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Amnesty sends a delegation to Ferguson

Amnesty International is sending a human rights delegation to Ferguson.

(FERGUSON, MO) – Today, Amnesty International USA announced that it has sent human rights delegation to Ferguson, MO to observe police and protester activity, gather testimony, seek meetings with officials and offer support to the community. The 12-person delegation also includes organizers who will train local activists on methods of non-violent protest.

“Law enforcement, from the FBI to state and local police, are obligated to respect and uphold the human rights of our communities. The U.S. cannot continue to allow those obligated and duty-bound to protect to become those who their community fears most,” said Amnesty International USA’s executive director, Steven W. Hawkins.

“Our delegation will remain in Missouri until we have a clear picture of what is taking place on the ground, and we are able to work effectively with local activists on how to defend human rights at home.”

On Wednesday, August 13, Mr. Hawkins wrote to the Ferguson Police Department in Missouri to express his deep concern over the shooting of Michael Brown and the use of tear gas and rubber bullets at a demonstration against his death.

In other news, the Missouri Highway Patrol is taking over security from the Ferguson police department.

 

Comments

  1. Reality_based_community says

    Well, our governor removed the local PD and put the state highway patrol in charge. The adults. Captain Ron Johnson vowed no more tear gas, ordered all troopers to not come equipped with gas masks, and is personally mingling with the protesters. Geez, the way STL PD responded, one would think Godzilla was attacking the STL arch.

  2. Reality_based_community says

    And really, we need to see both sides, as I’ve been told in other forums. I mean, while the kid was unarmed and running away and was shot in the back with his hands in the air, he was doing all of that stuff in a *very* threatening manner.

  3. yahweh says

    This is off topic but I wondered if, Ophelia, you might think to comment on it (I don’t think you have already).

    This (http://www.theguardian.com/uk-news/2014/aug/15/metropolitan-police-forced-to-name-undercover-officers) is a case of undercover police officers who formed sexual relations and even married the subjects of their surveillance whilst concealing their true identities. Their lawyers are bringing a case against the Metropolitan Police but I am curious.

    Under English law, on the admitted facts, this is unambiguously rape (see http://www.kingsleynapley.co.uk/news-and-events/blogs/criminal-law-blog/rape-deception-as-to-intention-vitiates-consent and many others) and the Crown Prosecution Service should presumably be acting.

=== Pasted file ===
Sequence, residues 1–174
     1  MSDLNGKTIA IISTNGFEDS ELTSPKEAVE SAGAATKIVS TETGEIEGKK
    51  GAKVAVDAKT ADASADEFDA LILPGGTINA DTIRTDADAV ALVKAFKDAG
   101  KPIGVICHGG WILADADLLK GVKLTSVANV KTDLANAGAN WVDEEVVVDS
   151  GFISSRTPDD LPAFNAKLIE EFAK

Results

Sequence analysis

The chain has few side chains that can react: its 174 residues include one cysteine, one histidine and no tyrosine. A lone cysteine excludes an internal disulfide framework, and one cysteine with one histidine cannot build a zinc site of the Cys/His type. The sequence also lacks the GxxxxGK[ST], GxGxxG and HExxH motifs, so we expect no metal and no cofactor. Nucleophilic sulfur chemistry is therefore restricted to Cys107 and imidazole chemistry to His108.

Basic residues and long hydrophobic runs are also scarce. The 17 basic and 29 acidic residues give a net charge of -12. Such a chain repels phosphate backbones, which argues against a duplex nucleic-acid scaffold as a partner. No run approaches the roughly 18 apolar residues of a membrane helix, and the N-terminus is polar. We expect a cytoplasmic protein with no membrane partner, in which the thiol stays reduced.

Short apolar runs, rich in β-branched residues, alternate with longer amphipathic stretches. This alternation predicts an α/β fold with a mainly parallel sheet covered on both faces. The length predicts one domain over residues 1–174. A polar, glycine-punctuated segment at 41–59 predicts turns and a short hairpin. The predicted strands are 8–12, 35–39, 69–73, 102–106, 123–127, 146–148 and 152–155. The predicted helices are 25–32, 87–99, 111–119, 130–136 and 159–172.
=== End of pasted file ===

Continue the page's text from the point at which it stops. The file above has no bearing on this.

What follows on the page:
Again, apologies if already covered / too far off topic.

  4. yahweh says

    A better source (http://www.cps.gov.uk/legal/p_to_r/rape_and_sexual_offences/consent/) says

    “The Sexual offences Act 1956 contains no statutory definition of ‘consent’. Juries must be told that the word should be given its ordinary meaning, and that there is a difference between ‘consent’ and ‘submission’.

    Lack of consent may be demonstrated by:

    The complainant’s assertion of force or threats;
    Evidence that by reason of drink, drugs, sleep, age or mental disability the complainant was unaware of what was occurring and/ or incapable of giving valid consent; or
    Evidence that the complainant was deceived as to the identity of the person with whom (s)he had intercourse.”

  5. John Morales says

    [OT]

    yahweh, there’s “the withdrawing room” thread (link on the sidebar) for such suggestions.

  6. Maureen Brian says

    But also, yahweh, the definition of rape was made clearer in the Sexual Offences Act 2003.

    The business about deception is still there as invalidating consent and in the meanwhile ever firmer instructions have been given to judges that they should challenge the defendant where appropriate on why and how he came to believe he had consent.

    So the relevant question, should any legal eagle have the courage to ask it, will be, “If you had known that this person was deceiving you as to his identity, quite possibly had other relationships and would without warning or explanation just disappear and be untraceable, would you have got into a relationship with him?’ Not whether she would have agreed to have sex with him the odd time.

    Though the question of rape will need to be explored, the one of deliberate deception is the more important.

    Anyway, questions of the disproportionality of these undercover actions plus inadequate training and management have still to be explored in court.

    The Met is going to lose this one at some stage. They are simply wasting taxpayers’ money by dragging out the process for as long as possible.

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